1. The Sci-Fi Version. The events are true, but relate to an alternative timeline, one that results from the history detailed at the beginning of the story. Alternatively, all of the book's stories are set in this alternative 'future', but each narrative is more concerned on the stories the people have to tell than the background history, already explained in detail by Castaigne. The 'Castaigne' known by Mr Scott, the narrator of 'The Yellow Sign', could be either the one who narrates 'The Repairer of Reputations' or his father (who is also, strangely, called Hildred Castaigne). Of course, he doesn't actually have to be either.

2. The Delusional Version. Castaigne's story is set at the same time as the others, but his illness has dressed the world in the trappings of an imaginary future, possibly to support his belief in the Imperial Dynasty of America, which apparently descends from Carcosa. Given that this lineage is highly unlikely (even if characters from the play had somehow escaped the King's judgement and found a way into the real world) how much can we trust his version of events concerning the rest of the world? In such a scenario it would make sense for Mr Scott's use of the term 'the tragedy of young Castaigne' to apply to his delusional state.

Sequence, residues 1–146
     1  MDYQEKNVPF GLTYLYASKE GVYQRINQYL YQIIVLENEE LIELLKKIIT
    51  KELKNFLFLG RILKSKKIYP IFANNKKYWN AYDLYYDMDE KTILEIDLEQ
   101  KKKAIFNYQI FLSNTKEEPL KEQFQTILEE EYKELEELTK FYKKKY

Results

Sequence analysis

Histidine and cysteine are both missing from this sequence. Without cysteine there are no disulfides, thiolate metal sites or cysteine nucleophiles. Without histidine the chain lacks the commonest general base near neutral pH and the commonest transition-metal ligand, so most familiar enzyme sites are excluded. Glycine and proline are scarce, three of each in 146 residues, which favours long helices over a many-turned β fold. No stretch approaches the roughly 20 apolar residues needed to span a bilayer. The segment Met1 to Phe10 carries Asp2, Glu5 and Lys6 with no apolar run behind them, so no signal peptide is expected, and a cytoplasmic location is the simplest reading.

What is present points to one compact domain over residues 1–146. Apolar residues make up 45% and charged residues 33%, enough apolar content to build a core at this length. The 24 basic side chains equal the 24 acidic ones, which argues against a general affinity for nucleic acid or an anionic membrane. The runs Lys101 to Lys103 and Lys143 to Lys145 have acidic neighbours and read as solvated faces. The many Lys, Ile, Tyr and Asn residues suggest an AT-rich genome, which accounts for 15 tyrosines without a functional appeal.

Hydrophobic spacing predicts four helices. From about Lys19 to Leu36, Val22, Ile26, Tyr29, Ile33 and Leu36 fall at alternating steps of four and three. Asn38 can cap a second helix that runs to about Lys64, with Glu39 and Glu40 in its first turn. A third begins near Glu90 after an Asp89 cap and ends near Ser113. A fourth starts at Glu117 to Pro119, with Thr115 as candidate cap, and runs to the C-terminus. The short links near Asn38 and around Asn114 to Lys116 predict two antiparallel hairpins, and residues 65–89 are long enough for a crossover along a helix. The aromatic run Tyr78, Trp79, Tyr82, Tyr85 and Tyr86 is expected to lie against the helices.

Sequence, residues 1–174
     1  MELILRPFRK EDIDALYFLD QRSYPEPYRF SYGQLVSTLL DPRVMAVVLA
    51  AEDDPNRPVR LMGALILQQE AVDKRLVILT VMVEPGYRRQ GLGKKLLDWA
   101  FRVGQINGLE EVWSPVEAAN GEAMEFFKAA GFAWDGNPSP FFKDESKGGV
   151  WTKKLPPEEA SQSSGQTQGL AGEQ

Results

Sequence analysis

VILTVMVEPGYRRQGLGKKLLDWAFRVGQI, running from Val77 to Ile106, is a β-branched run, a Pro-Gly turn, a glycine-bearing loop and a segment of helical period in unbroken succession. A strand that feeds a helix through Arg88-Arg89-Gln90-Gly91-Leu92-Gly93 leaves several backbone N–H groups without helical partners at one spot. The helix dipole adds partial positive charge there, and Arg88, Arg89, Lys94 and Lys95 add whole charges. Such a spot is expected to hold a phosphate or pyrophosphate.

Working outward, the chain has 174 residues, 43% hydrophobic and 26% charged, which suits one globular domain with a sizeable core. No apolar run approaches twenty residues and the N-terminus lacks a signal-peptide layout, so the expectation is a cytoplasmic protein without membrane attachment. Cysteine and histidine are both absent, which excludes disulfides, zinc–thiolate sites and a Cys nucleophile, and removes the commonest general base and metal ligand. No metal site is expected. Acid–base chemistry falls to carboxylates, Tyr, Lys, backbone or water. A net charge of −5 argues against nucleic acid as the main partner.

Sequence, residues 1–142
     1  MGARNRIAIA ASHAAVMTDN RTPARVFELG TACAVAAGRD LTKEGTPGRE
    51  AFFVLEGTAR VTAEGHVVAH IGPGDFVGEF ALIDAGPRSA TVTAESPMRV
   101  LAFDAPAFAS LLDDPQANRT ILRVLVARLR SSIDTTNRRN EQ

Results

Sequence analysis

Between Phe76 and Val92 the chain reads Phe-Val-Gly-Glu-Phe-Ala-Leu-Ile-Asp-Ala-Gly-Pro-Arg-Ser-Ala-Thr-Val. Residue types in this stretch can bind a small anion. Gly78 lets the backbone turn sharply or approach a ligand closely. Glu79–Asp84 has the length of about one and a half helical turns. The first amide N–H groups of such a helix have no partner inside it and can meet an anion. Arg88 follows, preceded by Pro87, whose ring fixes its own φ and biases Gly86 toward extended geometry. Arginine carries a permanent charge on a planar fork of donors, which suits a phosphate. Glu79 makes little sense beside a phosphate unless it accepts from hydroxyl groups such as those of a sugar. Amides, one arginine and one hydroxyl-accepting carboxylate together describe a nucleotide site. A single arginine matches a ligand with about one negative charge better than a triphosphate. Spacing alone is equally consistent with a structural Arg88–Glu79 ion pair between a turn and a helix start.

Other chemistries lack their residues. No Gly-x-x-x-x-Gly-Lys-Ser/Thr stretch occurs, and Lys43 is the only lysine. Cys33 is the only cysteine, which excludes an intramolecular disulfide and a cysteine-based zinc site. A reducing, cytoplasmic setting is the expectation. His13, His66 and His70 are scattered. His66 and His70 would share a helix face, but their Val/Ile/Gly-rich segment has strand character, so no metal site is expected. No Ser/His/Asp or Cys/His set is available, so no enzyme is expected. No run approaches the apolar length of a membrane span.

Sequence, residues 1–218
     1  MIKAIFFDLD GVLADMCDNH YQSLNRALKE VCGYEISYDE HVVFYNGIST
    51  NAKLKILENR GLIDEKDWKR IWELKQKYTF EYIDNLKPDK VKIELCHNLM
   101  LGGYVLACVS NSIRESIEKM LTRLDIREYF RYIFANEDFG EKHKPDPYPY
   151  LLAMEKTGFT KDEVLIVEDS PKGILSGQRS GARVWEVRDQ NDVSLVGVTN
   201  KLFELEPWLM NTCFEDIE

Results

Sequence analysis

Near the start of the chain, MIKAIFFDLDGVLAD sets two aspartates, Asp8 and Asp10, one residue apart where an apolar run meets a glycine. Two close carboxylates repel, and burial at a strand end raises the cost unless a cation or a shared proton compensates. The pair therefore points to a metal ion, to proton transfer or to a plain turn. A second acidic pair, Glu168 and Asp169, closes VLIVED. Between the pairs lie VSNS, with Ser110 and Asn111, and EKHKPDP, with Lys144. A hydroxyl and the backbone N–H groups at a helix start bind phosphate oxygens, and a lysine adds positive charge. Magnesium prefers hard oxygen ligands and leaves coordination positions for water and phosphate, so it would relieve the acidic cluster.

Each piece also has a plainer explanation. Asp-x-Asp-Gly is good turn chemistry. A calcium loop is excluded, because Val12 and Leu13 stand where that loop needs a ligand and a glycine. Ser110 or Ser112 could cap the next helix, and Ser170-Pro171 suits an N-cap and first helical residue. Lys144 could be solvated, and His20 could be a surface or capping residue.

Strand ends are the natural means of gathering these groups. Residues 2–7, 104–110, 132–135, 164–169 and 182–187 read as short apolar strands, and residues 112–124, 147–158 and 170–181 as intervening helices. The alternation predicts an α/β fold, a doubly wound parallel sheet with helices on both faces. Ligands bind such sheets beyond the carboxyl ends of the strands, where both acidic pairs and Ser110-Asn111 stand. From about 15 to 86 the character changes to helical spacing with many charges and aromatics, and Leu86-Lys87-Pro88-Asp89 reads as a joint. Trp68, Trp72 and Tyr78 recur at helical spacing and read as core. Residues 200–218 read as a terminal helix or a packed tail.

3. The Fictional Version. Castaigne's story is fabricated by Chambers, though it might have some basis in reality, whether events that did happen or characters who did exist. By setting this opening story in a fanciful futuristic time, Chambers could misdirect and detour those that sought evidence of the genuine King in Yellow within it's pages (or those who sought to track down anyone willing to tell too much of the truth) - the opening passages require something of a 'leap of faith' for a modern reader to get through if they're looking for any evidence of The King in Yellow. In this case, ties between characters in the various short stories were perhaps subtle leads to what the truth actually was.

4. Any mix of the above...

Ultimately, what we learn from this particular story is only as valuable as far as we feel we can trust the author. Obviously, if the story is written by a mad man (or if it has been 'fictionised' to avoid the wrong sort of attention), we have to dig deeper to discover which elements have any bearing on the mythology of the King in Yellow, if any.